One of my cherished childhood memories was working on my all-time favorite activity: building forts. I dove into a process of adding several layers of bedsheets combined with a set of mix-and-match chairs, creating an impervious stronghold. There was something really special about the way my lopsided constructions made me feel. Empowered, I felt bold and confident – I was my own girl, the master of the fort, undefeatable! I would cross that threshold of imagination with such ease like it was the most simple thing to do. As an adult, the idea of an unorthodox way of finding beauty in a creative process has always intrigued me. I’ve felt inspired to learn more about the imaginative ways children explore the ins and outs of life.

I’ve discovered there was a non-ordinary reality where children seem to go most of the time. In the process of learning from children, I learned about my own imaginative process. I realized that for most of my adult life, I’ve only tapped into my imagination when I was making art, dreaming, or remembering something. My artistic process, for example, was defined by a set of materials, combined with the anticipation that a streak of inspiration would hit me hard enough to birth an artistic idea. The times when I crossed over from ordinary reality to an imaginative state were defined by a rigid schedule. I chose specific times of the day where I thought I was inspired to make art, which didn’t happen often, and my art was always driven to reach a goal, a means to an end. Unfortunately, following a schedule also meant that I didn’t have strong boundaries to keep me grounded long enough for my imagination to become fruitful. Ordinary reality became a barrier, creating an unrequited love which reinforced the idea that I needed specific times and spaces to exercise creative thinking.

Over time, I began to shift my attention to children’s creative process for inspiration. I noticed how they didn’t hold back when an idea emerged. They didn’t follow an agenda or set of guidelines. They were free, and being free was good. I started wondering in what ways children’s imaginative threshold unfolds. If I were to give it a shape I would say it might look like a never-ending web. Each set of threads represents the many ways children explore the world, with curiosity at the center of the weaving process. As the weaving progresses, so does the ability to learn in relationship and to make lifelong connections that will support children in taking charge of their own creative process.

In my experience, this process happens in several ways. Observing, theorizing, expanding, and exploring are a few of the many possibilities children encounter along the way. Recently, I was observing Edgar and Soraya, a pair of students in Mountain Room, playing in a fort. I felt drawn to their play quite immediately! Observing them playing one of my favorite childhood games was delightful. They named their fort “Bear Cave,” and the resemblance to its real world inspiration was uncanny! The darkness of the cave was created by fabrics, while the sky was sprinkled with glow-in-the-dark stars. The magic started happening even before I eavesdropped on their conversation. I could feel it in the air: something fundamentally changed as soon as they entered the bear cave. They WERE bears admiring a starry night . Soraya pointed at the stars, and with a relaxed tone said “We are so lucky… Look at this beautiful sky, just for us.” Edgar looked up, smiled and whispered “Yes… we can stay like this all night, for like infinity times…” And for the rest of the night the bears smiled at their stars.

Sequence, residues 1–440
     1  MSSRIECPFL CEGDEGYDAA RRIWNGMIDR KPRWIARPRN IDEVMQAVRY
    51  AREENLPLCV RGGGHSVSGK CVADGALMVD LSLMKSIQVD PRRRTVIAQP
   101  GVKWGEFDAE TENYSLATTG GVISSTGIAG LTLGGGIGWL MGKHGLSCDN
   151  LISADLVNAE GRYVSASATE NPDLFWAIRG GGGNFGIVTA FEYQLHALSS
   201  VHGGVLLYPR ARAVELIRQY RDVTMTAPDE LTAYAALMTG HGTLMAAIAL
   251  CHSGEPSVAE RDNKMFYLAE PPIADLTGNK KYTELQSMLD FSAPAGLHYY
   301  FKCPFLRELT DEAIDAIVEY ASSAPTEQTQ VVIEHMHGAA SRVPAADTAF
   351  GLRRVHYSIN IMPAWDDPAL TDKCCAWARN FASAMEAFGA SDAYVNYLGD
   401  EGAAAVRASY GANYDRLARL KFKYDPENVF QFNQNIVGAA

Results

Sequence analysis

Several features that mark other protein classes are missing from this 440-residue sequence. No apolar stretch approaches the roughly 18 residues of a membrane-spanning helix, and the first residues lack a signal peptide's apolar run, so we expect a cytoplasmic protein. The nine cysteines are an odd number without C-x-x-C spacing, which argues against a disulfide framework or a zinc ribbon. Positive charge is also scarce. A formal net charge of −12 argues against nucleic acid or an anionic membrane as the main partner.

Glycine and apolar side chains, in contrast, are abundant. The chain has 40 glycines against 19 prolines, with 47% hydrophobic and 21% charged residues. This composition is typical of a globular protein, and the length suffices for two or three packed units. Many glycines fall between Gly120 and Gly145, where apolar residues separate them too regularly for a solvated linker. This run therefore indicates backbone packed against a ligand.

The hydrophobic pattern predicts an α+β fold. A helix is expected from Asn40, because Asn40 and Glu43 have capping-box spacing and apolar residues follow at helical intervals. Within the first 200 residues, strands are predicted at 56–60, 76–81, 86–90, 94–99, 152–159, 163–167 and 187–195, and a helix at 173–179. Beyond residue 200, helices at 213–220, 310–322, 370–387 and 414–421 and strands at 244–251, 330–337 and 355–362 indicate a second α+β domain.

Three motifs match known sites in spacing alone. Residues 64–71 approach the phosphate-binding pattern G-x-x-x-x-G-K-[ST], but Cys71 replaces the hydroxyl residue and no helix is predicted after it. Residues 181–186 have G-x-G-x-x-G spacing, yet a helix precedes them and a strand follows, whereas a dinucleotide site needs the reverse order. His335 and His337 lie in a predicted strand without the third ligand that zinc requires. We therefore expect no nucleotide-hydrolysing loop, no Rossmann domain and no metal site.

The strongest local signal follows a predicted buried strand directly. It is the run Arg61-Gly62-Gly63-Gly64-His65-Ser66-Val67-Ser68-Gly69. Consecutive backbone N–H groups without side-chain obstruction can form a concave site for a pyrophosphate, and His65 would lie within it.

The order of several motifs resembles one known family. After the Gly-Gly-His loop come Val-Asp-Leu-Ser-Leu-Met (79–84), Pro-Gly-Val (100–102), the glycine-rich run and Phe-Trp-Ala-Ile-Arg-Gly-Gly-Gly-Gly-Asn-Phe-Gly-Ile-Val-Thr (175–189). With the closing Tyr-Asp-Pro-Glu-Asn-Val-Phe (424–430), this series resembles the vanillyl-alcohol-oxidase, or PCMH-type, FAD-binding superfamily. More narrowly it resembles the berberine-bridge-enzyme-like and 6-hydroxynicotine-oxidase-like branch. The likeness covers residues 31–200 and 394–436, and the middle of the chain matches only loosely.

This story reminded me about how we as educators play an important role when providing space for children to grow in their creative process. When we reflect upon our own practices, we unleash strong winds of possibilities. We honor children’s right to be curious when we are fully present with them. We make room for their ongoing exploration when we observe and listen using different layers. Ears, mind and heart. These moments in-between worlds are worthy of our priceless memories, foundation of our growth and the stars in our stories. With that in mind, I must say I feel inspired by  children’s willingness to embrace a threshold of imagination and the natural way they laugh in the face of ordinary reality. I am now starting to find delight in being creative without having to reach a goal. I am willing to welcome any ideas that come my way, and to follow what my heart has to say, free of judgment. I envision a future where we can all feel honored in our creative process, adults and children alike. I envision a place in time where we feel confident to bridge any gaps in our relationship with imagination, and find creative solutions for our real-world challenges.

When was the last time you paused your flux of thoughts and let your imagination simply carry you away?

Paty

Paty is an educator with 2- to 3-year-olds at Hilltop Children’s Center, where she has worked since 2017.

 

Hilltop is well-known and highly regarded in the Early Childhood Education community, for our pedagogical approach to working with children and families. In response to consistent requests  from colleagues for trainings, tours, and consultations, Hilltop launched a professional development Institute in 2013. The Hilltop Educator Institute coordinates full-day curriculum training at Hilltop called Study Dayshosts a series of professional development workshops called the Educator Discussion Seriesand provides coaching for other schools, facilitated by Hilltop’s own educators.  Interested in spending time at Hilltop? Visit https://hilltopcc.com/institute/ or email Mike at institute@hilltopcc.org